Find us on Google+

Saturday, 17 April 2010

JCTR Press Release : Rising Food Costs

Press Release from The JCTR :


High food prices are increasingly becoming a perpetual challenge to many Zambian households, says JCTR during the release of the March 2010 Basic Needs Basket (BNB). The BNB has been exhibiting an upward trend in the cost of food items since the last quarter of 2009. The latest BNB shows an average nominal increase of K41,250 from K860,250 in February 2010 to K901,500 in March 2010 for a family of six in Lusaka. The increase was mainly driven by
increases in the cost of vegetables, dry fish, eggs and cooking oil.

According to the JCTR, food is not only intrinsic to human and economic development, it is also a matter of basic social justice. That is why requirements of food must be fulfilled at all times to free the human resources necessary to effectively pursue other areas necessary for deepening and promoting development. However, considering how basic the food items in the BNB list are, any slight increase in the cost of food has the potential of increasing levels of poverty and under-nutrition, especially among the poor.

“Since income is mostly derived from work”, says Miniva Chibuye, Coordinator of the Social Conditions Programme at the JCTR, “the key to reducing poverty is growth of the purchasing power of the poor”. This point can further be underscored taking into account the situation such as is obtaining in Zambia where a huge number of the population is competing for very few formal sector jobs. This fact means that the country needs to reverse the low employment trends by creating more jobs.

The challenge for Zambia however, is to harness opportunities for increasing growth rates to 7 percent or higher recommended for sustained reduction in poverty levels and for achieving the Millennium Development Goals (MDGs). “More critically”, says Ms. Chibuye, “the quality of jobs, and the access which the poor have to decent earning opportunities are crucial determinants of poverty reduction and should be embedded within the country’s investment strategy”.

The JCTR would like to reiterate the sentiments from the Economic Commission for Africa in their 2010 Economic Report on Africa, which encouraged countries to adopt proactive policies in order that employment shadows economic growth.

This could be done by investing in high productive and labour intensive sectors such as agricultural, which is often the principal source of incomes for the poor. Other labour intensive sectors that the country should further invest in include textiles, construction, and tourism.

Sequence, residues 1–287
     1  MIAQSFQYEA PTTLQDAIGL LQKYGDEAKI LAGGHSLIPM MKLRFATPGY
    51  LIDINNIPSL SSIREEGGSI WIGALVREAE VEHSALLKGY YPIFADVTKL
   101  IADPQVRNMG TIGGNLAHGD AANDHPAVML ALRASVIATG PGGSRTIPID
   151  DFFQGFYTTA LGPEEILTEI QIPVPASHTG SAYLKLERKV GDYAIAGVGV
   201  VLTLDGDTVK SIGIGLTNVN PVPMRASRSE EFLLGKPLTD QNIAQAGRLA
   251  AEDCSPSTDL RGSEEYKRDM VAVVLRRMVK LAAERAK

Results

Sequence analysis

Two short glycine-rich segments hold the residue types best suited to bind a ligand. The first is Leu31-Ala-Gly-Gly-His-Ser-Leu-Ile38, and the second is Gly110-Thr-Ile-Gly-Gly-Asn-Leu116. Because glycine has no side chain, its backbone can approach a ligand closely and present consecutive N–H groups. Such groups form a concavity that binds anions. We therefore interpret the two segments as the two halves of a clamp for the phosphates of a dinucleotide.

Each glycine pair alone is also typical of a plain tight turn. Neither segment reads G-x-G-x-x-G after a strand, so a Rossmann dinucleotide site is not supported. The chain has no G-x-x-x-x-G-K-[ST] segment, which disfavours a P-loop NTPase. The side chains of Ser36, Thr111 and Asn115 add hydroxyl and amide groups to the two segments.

But the growth process continues to be severely constrained by bottlenecks such as the cost of energy, infrastructural problems and inertia in implementing some institutional reforms. These certainly impede entry of the poor into forms of wage employment upon which they are most dependent. The barriers can be lowered by among others, appropriate investments in transport, communications and money transmission facilities.

Furthermore, the country should aim to achieve growth that is distributed equitably through enhancing income earning opportunities for the poor. It is only by enabling the poorer households to favourably participate in the growth process that poverty can sustainably be reduced in Zambia. The JCTR strongly recommends that this issue be embedded not only in national development processes but also in political processes.


  1. I have always said and will keep saying that there is a huge need to heavily tax the mines and use that money to reinvest in agriculture, manufacturing and infrastructure.

    Organic agriculture can be extremely profitable ($10,000 per year and much higher), and is both labour intensive and has no needs for expensive inputs (fertilizer, fuel, machinery above the basic requirements for earth moving).

    Please check out Joel Salatin's recordings on how to raise small and large livestock in synergy.

    Joel Salatin on Localization Part I

    A lot of the numbers on what is possible for even a 50 to 100 hectare farm is given in the commentary, from part VII (5:50 onwards).

  2. Its my hope that the leadership of this nation should stand up and look at NCC.Where they think that food and water is not a human right.If we have such people at NCC,do see our nation come out of poverty.I personally feel this was the time to change the policy in Agriculture.

  3. Zambia / Brazil Zero Hunger programs:

  4. Old and new poverty in Brazil:

  5. World’s favourite new anti-poverty device:

    Conditional cash-transfer programme (CCT):


All contributors should follow the basic principles of a productive dialogue: communicate their perspective, ask, comment, respond,and share information and knowledge, but do all this with a positive approach.

This is a friendly website. However, if you feel compelled to comment 'anonymously', you are strongly encouraged to state your location / adopt a unique nick name so that other commentators/readers do not confuse your comments with other individuals also commenting anonymously.